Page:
With a high-certainty product project, you can accurately predict your financial profits. With an uncertain project, you face significant potential downside and upside profits. In B2B markets, you can understand the downside very early. You’ll kill the project cheaply if the downside cannot be eliminated. And reap big upside profits if it can.
You can methodically strip away uncertainty and de-risk your projects. This is done through a four-step process that combines Discovery-Driven Planning with New Product Blueprinting. Learn more in this white paper, Innovating in Unfamiliar Markets (page 5).
You have to deliver important value that customers cannot get anywhere else to command a higher price. If customers can get this same value from just one other supplier, they’ll use it as leverage for lower pricing. So the difference between delivering new value and matching existing value is the difference between raising and lowering market pricing.
Download our Free white paper to discover how the Innovation Wave will differ from earlier Quality and Productivity Waves. Catch the Innovation Wave (page 8).
Many suppliers ask “low-lumen” questions that neither illuminate nor engage customers. They may be biased, close-ended or too complex. Beware requesting sensitive information, or asking, “What would you pay for this?” When you ask for problems, don’t try to “help” with examples. Instead, let the customer choose the next topic to discuss.
Read more in article, Lean Startup: A Great Approach Requiring “B2B Pre-Work” (Originally published in B2B Organic Growth.) Lean Startup wisely recommends testing assumptions and learning from customers at the first opportunity. For most B2B suppliers, this “first opportunity” to learn comes before a prototype is created – through early voice-of-customer interviews that mine the insight and foresight of highly-knowledgeable customers.
CEO World publishes “Four Signs You Have a Growth Problem” by Dan Adams. In this article, Dan explains four tell-tale misconceptions many business leaders have that stunt their organizations’ growth. About CEO World: CEOWORLD magazine is the world’s leading business magazine written strictly for CEOs, CFOs, CIOs, senior management executives, business leaders, and high net worth ... Read More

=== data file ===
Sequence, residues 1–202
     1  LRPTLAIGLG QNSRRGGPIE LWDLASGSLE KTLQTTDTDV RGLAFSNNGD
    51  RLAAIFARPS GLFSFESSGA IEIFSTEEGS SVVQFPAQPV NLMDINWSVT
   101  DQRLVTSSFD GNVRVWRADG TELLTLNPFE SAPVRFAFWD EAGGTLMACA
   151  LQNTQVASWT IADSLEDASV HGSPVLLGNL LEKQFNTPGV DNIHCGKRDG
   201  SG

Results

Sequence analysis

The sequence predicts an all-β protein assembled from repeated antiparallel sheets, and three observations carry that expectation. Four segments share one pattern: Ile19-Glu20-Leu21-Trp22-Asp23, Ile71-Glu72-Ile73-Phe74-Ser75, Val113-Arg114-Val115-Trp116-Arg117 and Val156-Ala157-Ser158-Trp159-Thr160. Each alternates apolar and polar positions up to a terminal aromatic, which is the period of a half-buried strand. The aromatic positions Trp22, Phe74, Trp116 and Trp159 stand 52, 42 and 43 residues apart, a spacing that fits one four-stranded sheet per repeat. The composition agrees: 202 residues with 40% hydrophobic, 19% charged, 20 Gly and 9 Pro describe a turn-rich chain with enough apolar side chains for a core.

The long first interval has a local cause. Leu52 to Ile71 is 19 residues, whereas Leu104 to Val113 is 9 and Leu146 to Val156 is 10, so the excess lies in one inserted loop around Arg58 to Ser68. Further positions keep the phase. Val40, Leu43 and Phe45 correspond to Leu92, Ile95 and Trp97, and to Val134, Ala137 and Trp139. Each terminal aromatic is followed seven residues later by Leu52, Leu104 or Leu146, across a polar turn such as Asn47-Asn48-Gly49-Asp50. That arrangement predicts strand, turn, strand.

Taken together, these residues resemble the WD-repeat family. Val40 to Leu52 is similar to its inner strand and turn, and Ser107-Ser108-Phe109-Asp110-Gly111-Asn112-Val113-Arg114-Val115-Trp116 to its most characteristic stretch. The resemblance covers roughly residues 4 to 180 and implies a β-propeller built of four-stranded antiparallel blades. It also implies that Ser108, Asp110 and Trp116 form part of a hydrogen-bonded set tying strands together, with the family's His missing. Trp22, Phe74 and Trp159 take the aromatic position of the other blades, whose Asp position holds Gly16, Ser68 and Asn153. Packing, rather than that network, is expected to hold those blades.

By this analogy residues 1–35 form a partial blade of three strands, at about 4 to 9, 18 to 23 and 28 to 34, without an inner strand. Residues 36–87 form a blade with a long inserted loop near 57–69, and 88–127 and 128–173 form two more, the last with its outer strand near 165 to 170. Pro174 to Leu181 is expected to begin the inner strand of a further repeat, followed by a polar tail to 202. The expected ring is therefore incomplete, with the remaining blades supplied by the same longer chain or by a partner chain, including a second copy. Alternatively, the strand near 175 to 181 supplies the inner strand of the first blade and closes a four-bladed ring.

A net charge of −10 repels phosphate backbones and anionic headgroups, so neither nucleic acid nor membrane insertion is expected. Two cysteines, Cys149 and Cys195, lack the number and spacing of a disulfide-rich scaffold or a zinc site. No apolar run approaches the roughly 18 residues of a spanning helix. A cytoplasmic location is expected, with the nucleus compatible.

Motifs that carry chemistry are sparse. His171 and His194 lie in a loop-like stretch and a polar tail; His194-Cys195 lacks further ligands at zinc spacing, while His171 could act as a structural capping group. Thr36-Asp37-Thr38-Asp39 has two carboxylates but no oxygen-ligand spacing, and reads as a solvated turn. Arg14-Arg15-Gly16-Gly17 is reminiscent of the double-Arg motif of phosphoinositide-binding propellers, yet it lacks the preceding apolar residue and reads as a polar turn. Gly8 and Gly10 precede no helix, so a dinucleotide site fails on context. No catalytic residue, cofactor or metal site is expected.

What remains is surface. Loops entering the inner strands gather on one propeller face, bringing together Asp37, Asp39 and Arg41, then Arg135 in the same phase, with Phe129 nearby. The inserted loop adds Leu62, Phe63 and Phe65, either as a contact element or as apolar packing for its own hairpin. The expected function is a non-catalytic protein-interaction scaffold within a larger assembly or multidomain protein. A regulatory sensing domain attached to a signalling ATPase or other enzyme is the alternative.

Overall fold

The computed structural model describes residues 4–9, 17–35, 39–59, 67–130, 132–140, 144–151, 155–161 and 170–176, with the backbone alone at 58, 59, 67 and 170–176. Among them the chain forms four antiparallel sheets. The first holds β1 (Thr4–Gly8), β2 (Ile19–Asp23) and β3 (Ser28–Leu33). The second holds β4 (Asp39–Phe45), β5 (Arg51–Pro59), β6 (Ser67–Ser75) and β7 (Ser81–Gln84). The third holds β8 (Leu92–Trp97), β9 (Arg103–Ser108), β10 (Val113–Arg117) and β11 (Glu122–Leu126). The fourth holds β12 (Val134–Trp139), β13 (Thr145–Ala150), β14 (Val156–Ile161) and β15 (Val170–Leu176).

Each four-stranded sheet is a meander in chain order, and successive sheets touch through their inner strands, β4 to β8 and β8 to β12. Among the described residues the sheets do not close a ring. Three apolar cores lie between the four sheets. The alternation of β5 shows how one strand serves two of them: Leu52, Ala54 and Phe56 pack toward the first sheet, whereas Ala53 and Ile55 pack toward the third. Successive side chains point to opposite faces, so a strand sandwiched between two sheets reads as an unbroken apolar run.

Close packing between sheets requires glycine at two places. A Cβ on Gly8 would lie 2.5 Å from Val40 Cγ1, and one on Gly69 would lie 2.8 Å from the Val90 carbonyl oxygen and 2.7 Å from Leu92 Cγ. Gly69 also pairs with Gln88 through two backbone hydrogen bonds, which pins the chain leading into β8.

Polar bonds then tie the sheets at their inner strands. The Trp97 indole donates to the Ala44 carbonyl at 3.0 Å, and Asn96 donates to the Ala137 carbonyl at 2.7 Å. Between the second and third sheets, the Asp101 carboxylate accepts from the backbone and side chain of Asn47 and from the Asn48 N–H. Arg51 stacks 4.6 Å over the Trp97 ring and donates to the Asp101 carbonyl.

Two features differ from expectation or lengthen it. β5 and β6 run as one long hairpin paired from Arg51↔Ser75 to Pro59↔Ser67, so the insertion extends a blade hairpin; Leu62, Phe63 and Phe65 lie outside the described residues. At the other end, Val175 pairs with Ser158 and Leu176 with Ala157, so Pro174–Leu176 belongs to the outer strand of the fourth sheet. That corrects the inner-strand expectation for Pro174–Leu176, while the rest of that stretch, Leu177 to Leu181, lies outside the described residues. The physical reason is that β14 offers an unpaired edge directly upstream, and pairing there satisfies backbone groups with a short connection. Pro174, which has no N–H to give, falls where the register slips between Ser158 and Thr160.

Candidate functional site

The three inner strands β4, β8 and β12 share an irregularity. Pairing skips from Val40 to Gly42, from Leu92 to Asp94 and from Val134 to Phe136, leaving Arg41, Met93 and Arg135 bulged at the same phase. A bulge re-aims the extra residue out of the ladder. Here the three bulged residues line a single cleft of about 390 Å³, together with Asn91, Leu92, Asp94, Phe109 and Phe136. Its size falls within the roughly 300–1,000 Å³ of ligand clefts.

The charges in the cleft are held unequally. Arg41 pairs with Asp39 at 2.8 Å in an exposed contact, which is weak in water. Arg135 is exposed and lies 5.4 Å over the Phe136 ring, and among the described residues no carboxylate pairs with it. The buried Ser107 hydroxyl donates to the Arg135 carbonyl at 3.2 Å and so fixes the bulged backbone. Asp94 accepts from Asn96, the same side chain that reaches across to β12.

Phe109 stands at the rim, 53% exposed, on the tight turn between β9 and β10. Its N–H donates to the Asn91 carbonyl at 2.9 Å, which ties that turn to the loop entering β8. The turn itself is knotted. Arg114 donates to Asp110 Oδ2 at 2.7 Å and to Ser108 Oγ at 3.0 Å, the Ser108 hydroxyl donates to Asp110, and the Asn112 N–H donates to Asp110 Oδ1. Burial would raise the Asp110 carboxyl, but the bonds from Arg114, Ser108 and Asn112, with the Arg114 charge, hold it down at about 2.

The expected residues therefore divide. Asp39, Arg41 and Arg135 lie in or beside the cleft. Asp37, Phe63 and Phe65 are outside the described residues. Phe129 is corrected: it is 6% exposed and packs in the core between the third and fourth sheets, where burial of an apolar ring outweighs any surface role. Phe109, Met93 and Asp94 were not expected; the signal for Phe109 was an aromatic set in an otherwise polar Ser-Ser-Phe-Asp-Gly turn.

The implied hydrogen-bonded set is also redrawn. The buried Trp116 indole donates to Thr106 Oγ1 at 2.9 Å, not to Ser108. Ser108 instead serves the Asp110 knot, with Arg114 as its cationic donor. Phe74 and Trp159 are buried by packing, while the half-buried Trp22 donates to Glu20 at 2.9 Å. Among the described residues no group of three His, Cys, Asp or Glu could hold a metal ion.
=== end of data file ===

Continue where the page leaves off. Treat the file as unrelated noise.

Three conditions must be met: 1) A market segment (cluster of customers with similar needs) is clearly defined. 2) The segment is worth winning in terms of size, growth, profit potential, etc. 3) The segment is winnable, i.e., it’s not defended by a well-entrenched competitor. Overlook these conditions and you’ll waste resources.
Read more in article, B2B Customer Interviews: Are They Different? (Originally published in B2B Organic Growth.) If you are using a one-size-ﬁts-all VOC interviews for industrial goods that others use for consumer goods, you’re sub-optimizing. Collaboration, pre-selling and value capture are wonderful goals, but to reach them you’ll need new approaches.
Could customers help with a product as radical as iTunes or iPod? Sure. If you know how to ask. They’d probably be hopeless on solutions… but helpful on outcomes: access a broad range of music, instantly purchase music, transport music anywhere, purchase single tunes, store music on multiple devices, etc. These would be great insights for any solution-provider.
Read more in this article, Should You Develop New Products like Steve Jobs? (Originally published in B2B Organic Growth). Steve Jobs made a good point when he said “you can’t just ask customers for the next big thing.” The customers’ area of expertise is the “outcome”—what they want to have happen, not how it should happen.
Has your business correctly answered 4 questions? 1) Would better customer insight improve our innovation success? 2) Should we take a DIY approach to customer insight (vs. using “hired guns”)? 3) Should we learn improved customer insight from external trainers (vs. training ourselves)? 4) Should gaining this customer insight capability be a top priority (vs. other priorities)? ... Read More